# Big O notation O(p^2 log p)

Θ(p^2 log p^2) = Θ(p^2 log p)

I really got stun on it.

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@Klaus Byskov Hofmann Haha. Best laugh of today :) –  alex Jan 24 '11 at 12:29

log (p^2) = 2 log p (as in general, log (n^m) = m log n)

Since 2 is just a constant, we have that Θ(log p^2) = Θ(log p).

Therefore, we get Θ(p^2 log p^2) = Θ(p^2 log p).

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If `x = log p^2` that means that `e^x = p^2`. That means that `sqrt(e^x) = p`, and so `e^(x*1/2) = p`. So `(log p^2)/2 = log p`. This means that `p^2 log p^2 = 2 p^2 log p`; since this is big-theta constant multipliers can be discarded, so they turn out equivalent.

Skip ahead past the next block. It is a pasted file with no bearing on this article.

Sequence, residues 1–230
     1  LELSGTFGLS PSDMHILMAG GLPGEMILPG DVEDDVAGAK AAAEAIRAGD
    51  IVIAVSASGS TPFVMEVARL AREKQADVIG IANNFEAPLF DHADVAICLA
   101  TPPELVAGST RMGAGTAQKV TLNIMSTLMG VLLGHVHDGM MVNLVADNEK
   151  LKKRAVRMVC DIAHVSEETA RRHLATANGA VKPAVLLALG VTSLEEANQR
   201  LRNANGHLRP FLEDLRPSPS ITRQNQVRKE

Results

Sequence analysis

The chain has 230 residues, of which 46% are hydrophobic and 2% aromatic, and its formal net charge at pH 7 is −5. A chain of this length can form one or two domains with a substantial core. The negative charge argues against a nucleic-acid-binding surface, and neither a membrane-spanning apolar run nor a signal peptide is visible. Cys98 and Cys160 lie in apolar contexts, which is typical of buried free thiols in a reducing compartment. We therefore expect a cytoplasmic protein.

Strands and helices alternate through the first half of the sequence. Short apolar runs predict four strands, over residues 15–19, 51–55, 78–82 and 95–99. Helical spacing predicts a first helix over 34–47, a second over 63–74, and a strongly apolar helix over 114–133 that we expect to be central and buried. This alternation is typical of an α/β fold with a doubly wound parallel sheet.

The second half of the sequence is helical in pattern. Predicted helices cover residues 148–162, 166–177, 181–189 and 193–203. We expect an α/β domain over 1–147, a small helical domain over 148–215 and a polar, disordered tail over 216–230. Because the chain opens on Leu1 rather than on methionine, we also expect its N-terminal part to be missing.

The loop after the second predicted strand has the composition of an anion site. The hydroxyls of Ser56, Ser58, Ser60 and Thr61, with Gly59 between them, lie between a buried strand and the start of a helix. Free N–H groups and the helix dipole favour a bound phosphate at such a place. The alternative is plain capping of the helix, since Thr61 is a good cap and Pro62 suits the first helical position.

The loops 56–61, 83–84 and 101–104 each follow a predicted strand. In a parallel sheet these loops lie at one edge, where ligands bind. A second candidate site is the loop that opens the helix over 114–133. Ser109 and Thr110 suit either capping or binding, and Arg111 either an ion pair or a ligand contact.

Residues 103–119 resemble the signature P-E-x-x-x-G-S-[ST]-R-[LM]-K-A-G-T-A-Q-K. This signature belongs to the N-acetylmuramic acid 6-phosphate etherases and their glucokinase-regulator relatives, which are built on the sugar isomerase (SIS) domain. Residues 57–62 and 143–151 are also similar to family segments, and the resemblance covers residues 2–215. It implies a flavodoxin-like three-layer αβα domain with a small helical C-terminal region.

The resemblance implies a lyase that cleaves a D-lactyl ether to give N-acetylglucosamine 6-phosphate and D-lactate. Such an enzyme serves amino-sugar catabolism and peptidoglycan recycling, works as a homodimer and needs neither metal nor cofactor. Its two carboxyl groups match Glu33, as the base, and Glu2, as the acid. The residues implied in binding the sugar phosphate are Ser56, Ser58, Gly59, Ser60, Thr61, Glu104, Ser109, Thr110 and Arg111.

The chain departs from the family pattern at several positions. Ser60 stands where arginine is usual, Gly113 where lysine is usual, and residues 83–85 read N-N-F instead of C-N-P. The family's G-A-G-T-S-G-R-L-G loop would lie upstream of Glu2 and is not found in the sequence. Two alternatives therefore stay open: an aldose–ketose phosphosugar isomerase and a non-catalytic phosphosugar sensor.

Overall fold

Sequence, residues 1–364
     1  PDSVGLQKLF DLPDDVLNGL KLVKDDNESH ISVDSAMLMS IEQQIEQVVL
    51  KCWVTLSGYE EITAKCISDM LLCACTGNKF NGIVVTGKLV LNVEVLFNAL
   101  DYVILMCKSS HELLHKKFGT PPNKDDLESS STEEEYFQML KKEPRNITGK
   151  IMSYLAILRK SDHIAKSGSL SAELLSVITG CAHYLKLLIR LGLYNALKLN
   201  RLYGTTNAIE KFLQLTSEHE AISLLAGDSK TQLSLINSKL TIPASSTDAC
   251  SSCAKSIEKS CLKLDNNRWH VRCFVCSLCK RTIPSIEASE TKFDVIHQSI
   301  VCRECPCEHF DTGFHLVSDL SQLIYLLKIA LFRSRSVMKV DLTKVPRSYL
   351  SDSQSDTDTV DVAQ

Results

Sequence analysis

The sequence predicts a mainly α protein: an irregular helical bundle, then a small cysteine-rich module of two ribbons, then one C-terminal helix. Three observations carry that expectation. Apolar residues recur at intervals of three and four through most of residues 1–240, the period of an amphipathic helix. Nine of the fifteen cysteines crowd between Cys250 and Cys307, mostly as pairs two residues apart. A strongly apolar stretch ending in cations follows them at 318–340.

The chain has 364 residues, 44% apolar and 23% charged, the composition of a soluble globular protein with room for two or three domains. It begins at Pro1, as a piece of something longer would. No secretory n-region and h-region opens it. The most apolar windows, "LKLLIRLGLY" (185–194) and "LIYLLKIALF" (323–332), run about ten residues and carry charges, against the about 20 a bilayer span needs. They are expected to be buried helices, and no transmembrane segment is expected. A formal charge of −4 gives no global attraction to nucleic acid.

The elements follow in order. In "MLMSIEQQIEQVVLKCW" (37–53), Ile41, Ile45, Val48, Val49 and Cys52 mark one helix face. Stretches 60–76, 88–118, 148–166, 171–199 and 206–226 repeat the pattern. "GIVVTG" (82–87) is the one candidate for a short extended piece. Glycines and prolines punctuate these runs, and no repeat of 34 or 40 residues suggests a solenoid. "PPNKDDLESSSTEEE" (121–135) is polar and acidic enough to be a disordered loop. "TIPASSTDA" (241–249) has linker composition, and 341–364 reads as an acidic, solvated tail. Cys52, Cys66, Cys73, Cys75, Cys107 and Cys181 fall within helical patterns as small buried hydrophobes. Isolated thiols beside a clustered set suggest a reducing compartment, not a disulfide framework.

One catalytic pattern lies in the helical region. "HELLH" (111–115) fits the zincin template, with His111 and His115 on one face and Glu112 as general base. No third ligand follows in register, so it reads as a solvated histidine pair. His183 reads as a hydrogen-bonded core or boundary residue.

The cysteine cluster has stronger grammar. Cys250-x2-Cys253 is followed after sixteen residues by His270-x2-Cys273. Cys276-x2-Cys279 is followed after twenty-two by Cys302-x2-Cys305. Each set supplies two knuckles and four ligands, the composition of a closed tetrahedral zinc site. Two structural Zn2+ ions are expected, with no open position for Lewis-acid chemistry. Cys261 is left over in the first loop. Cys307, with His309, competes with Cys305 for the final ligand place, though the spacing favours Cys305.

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Big-O notation describes the limiting behavior of a function when the argument tends towards a particular value or infinity

Limiting behavior is same for functions `f` and `g`, if `g = C*f`. Asymptotically they behave the same. Now to `log`. Remeber the formula:

logbxy = y logbx

It means that they are different only by constant, which doesn't change limitting behavior.

But it is importand to remember that their speed and amount of operations are still different (by constant).

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